Tuesday, March 21, 2006

Running Scared

I did twelve this morning, and finished feeling a bit disappointed. I wanted to get in sixteen outside with a final four miles at under six minute pace. The five-above-zero temperature this morning wasn't conducive to that kind of effort, so I stayed inside and did my miles on the treadmill. I was able to finish with a six-minute mile in just under 1:25, about 7:04 pace. It felt good, but it wasn't the run I was looking for today.

I cleared it with my wife to run five or six when I got home from work, knowing that it would be sunny and in the mid 20s around that time. I've been concerned for a while about my ability to train at paces relevant to running a sub-2:30 marathon, so I knew I needed to get out and check the engine, as it were. I was scared to death to try this workout. The plan was five to six miles with two or three miles at 5:25-5:30, or what is supposed to be tempo pace for a 2:30 marathoner.

I'll spare the dramatic details and just say that it went well. A two mile warmup with a couple of strides set me up for mile one in 5:26, mile two in 5:24, mile three in 5:25, which was a nice surprise after turning back into the wind, and a final half mile (.51) in 2:50 (5:40 pace). My heart rate was very steady between 164 and 168 from the quarter-mile onward. I was just happy to not be anywhere near max. Mentally, I was expecting a tough two miles at 5:40 pace, so I was very excited at how easily this came to me.

What a difference a couple of weeks makes. I'm here to tell you, LSD works. The last week or so has been amazing in terms of gains. A few strides here and there as well as some six-minute miles, and I feel like I have my legs back at all but the fastest paces. Good, good, good.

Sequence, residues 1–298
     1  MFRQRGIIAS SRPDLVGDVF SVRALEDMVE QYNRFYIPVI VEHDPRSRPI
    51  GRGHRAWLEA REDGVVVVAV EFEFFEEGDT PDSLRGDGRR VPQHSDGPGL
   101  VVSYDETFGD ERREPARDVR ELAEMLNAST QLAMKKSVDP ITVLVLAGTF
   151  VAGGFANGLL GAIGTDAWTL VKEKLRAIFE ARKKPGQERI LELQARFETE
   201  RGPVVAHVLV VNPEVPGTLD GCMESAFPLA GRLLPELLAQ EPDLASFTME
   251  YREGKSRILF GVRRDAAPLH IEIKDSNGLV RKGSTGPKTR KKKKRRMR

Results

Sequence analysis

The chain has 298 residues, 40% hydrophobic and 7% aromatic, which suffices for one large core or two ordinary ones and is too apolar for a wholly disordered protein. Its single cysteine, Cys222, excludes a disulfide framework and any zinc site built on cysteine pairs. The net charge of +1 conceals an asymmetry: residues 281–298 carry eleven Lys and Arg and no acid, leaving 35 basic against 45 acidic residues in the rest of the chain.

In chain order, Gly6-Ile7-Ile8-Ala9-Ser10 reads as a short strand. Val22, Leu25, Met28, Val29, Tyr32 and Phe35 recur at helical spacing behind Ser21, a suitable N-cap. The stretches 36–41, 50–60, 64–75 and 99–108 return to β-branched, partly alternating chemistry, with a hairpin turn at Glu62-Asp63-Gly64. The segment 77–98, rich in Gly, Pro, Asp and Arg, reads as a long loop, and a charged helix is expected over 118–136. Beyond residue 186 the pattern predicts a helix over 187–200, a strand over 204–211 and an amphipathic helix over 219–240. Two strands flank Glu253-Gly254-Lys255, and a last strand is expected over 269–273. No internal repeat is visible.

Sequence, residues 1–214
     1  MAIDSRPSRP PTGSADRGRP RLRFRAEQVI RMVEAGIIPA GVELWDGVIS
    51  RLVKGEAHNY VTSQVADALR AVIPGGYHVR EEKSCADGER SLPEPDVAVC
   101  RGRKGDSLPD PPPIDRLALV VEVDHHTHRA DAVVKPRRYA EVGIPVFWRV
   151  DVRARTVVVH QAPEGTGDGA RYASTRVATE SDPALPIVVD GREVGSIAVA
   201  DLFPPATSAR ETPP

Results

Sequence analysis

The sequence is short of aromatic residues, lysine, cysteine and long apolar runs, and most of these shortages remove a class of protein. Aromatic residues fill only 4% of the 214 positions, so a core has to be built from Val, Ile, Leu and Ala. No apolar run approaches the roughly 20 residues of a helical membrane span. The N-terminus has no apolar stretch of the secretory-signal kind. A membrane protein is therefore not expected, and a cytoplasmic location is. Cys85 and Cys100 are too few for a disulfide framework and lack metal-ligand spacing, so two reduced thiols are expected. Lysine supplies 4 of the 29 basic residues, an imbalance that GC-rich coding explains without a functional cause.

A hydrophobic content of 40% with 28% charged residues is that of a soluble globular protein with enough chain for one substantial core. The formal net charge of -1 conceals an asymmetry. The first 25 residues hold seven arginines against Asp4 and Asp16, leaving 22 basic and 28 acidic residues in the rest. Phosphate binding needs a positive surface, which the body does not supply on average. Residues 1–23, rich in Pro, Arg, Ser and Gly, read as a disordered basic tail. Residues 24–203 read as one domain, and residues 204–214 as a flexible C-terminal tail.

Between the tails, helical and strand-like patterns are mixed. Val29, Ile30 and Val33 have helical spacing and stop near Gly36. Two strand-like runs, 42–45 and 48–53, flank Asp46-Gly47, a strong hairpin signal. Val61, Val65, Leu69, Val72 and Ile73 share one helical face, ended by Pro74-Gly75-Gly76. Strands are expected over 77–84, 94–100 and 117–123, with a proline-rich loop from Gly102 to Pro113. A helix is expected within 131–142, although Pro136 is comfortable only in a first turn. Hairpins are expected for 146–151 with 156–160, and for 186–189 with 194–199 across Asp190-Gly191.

4 Comments:

Blogger Mike

"I have gotten slow. Long slow running does indeed create a long, slow runner"..."Needless to say, the satisfaction of running big miles is completely outweighed by the fact that I feel like shit running faster than 6:30 pace" -Eric, Feb. 28

What a difference a month makes, eh? What was it they said about Rome again? Seriously, how great is it to knock out 5:20's three weeks after feeling crushed at 6:30 pace? Nice work Eric, the challenge will be keeping this upward trajectory all the way through October. I think you can swing it.

3/22/2006 12:02:00 PM  
Blogger Zeke

Sweet. Sounds like things are going in the right direction. Now if the temperature would do the same, we'd be set.

3/22/2006 12:12:00 PM  
Anonymous Fatboy

What you're describing is a pretty volatile, clearly delineated pattern of macro-cycles that train distinct elements of performance in a pretty isolated manner. It's neat that the performance improvements have come with little negative effect. However, what you're doing is neglecting certain elements in favor of others; when you go back to train the neglected elements (i.e. anaerobic threshold), you put yourself at risk of injury.

Back when I wasn't so fat, I found that, if I incorporated a broader range of training elements into more concentrated micro-cycles, I could raise the bar more uniformly, with less risk of injury.

You'll still want to maintain higher aerobic/aerobic threshold bias (vs anaerobic treshold and overspeed) for quite awhile here, but don't neglect your speed and mechanics completely.

What you're doing is great to see, though. It'll be exciting to watch it unfold.

3/27/2006 12:26:00 PM  
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2/14/2007 06:46:00 AM  

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